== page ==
Quality statement 2: Identifying acute kidney injury in people with no obvious acute illness

Quality statement

People who present with an illness with no clear acute component and 1 or more indications or risk factors for acute kidney injury are assessed for this condition.

Rationale

People with acute kidney injury may present with no obvious signs or symptoms of this condition in primary or secondary care settings. Early assessment for acute kidney injury when making decisions about treatment for people who are at risk may prevent delays in treating the condition, leading to improved outcomes. It is important for healthcare professionals to be aware of when it is necessary to assess the risk of acute kidney injury so that a diagnosis is not missed.

Quality measures

Structure

Evidence of local arrangements to ensure that people who present with an illness with no clear acute component and 1 or more indications or risk factors for acute kidney injury are assessed for acute kidney injury.

Data source: Local data collection.

Process

Proportion of presentations of illness with no clear acute component along with 1 or more indications or risk factors for acute kidney injury where an assessment for acute kidney injury is done.

Numerator – the number in the denominator where an assessment for acute kidney injury is done.

Denominator – the number of presentations of illness with no clear acute component along with 1 or more indications or risk factors for acute kidney injury.

Data source: Local data collection.

Outcome

Incidence of acute kidney injury.

Data source: Local data collection.

What the quality statement means for service providers, healthcare professionals, and commissioners

Service providers (primary and secondary care providers) ensure that people who present with an illness with no clear acute component and 1 or more indications or risk factors for acute kidney injury are assessed for acute kidney injury.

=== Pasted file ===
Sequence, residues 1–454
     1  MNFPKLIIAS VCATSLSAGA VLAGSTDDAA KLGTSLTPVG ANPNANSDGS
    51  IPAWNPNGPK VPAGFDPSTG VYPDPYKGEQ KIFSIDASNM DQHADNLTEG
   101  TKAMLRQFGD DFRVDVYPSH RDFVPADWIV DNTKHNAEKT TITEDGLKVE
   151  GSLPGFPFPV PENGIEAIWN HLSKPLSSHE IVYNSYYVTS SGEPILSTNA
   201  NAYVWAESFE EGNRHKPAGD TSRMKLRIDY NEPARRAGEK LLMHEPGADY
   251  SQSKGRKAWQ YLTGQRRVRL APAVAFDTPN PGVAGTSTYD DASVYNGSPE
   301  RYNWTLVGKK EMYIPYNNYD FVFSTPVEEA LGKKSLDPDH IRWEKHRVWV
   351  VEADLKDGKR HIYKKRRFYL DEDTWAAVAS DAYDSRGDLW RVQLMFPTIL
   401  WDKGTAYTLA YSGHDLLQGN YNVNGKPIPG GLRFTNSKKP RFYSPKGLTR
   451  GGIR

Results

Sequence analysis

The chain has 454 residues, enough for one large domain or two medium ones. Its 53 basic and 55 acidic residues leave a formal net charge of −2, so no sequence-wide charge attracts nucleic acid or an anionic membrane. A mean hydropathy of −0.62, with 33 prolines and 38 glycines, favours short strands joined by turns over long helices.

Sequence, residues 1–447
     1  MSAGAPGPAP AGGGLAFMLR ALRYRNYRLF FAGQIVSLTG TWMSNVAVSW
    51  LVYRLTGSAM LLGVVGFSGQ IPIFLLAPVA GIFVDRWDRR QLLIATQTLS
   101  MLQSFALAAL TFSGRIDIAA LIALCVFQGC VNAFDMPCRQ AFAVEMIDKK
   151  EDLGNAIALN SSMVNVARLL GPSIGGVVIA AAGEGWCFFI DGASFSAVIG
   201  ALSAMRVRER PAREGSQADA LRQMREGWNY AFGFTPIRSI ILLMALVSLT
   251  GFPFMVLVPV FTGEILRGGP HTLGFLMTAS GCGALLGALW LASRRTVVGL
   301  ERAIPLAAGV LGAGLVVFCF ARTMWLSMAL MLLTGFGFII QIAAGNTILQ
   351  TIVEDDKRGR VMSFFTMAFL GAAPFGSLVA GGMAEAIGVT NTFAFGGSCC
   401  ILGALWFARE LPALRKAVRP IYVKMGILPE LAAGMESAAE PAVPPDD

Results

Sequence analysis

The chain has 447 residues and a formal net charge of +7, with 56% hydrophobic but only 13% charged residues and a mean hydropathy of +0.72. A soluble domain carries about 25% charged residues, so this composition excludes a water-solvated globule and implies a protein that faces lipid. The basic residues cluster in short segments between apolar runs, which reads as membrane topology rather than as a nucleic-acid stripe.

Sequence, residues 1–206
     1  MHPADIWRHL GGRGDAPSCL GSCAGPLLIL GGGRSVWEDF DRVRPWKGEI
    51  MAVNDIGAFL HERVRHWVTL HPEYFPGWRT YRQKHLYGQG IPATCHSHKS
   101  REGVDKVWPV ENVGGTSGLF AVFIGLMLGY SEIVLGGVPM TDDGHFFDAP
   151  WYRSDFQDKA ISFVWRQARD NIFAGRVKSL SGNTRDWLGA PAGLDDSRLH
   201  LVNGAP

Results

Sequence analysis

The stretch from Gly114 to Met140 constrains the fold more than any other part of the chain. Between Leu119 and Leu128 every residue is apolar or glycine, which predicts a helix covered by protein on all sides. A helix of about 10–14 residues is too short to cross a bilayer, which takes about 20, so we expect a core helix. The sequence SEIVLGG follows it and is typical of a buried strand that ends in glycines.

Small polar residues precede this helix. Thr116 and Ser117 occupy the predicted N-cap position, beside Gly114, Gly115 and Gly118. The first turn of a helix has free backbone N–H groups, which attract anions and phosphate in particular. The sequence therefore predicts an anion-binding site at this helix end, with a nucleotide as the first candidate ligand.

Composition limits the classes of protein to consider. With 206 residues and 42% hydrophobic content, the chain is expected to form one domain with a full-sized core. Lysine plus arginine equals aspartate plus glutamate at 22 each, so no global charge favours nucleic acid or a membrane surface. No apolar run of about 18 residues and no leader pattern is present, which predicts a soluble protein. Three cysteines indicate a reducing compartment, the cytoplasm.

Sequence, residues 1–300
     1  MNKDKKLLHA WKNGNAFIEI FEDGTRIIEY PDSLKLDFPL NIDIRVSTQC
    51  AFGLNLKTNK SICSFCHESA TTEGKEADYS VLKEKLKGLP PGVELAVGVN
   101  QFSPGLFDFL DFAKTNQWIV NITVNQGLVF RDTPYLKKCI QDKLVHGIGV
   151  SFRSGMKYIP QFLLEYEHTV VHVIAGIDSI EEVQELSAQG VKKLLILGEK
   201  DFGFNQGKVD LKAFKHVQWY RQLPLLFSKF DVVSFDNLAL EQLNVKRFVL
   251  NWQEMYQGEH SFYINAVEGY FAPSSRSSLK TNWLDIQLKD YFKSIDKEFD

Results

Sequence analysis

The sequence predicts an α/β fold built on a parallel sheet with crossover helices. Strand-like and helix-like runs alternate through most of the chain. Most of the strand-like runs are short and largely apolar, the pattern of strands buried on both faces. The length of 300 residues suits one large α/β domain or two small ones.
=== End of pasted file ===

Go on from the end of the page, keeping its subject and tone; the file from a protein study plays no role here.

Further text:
Healthcare professionals consider and assess for acute kidney injury in people who present with an illness with no clear acute component and 1 or more indications or risk factors for acute kidney injury.

Commissioners (clinical commissioning groups) ensure that they commission services in which people who present with an illness with no clear acute component and 1 or more indications or risk factors for acute kidney injury are assessed for acute kidney injury.

What the quality statement means for patients, service users and carers

People who are generally unwell with no obvious recent or sudden illness and who have indications or risk factors for acute kidney injury are assessed to see whether they have this condition. This should include blood tests and having their urine volume measured, as well as reviewing any medications they are taking.

Source guidance

Definitions of terms used in this quality statement

Illness with no clear acute component

A person with an illness with no clear acute component feels generally unwell (for example, tired with perhaps nausea or swelling of the legs), and has no clear idea of when the illness began, and no clear sudden acute illness. [Expert opinion]

Indications or risk factors for acute kidney injury in people with an illness with no clear acute component

The following are indications or risk factors for acute kidney injury in people with an illness with no clear acute component:

  • chronic kidney disease (especially stage 3B, 4 or 5) or urological disease

  • new‑onset or significant worsening of urological symptoms

  • symptoms suggesting complications of acute kidney injury

  • symptoms or signs of a multi‑system disease affecting the kidneys and other organ systems (for example, signs or symptoms of acute kidney injury plus a purpuric rash).

[NICE guideline CG169, recommendation 1.1.4]

Assessment for acute kidney injury

Clinical assessment for acute kidney injury involves doing a blood test to check serum creatinine levels against a previous result, measuring urine volume and reviewing medication. This assessment can be undertaken in a primary care setting as well as a hospital setting, although the frequency of blood testing may be less in a primary care setting. [Expert opinion]

Equality and diversity considerations

All people presenting with no obvious acute illness who have indications or risk factors for acute kidney injury should be assessed for a possible diagnosis. Symptoms suggesting acute kidney injury should not be dismissed based on a person's age – for example, ignoring urological symptoms in older people. Young age, neurological or cognitive impairment or disability may mean that people are less able to describe their symptoms, so it is important that healthcare professionals look out for changes in behaviour that suggest acute kidney injury in these groups.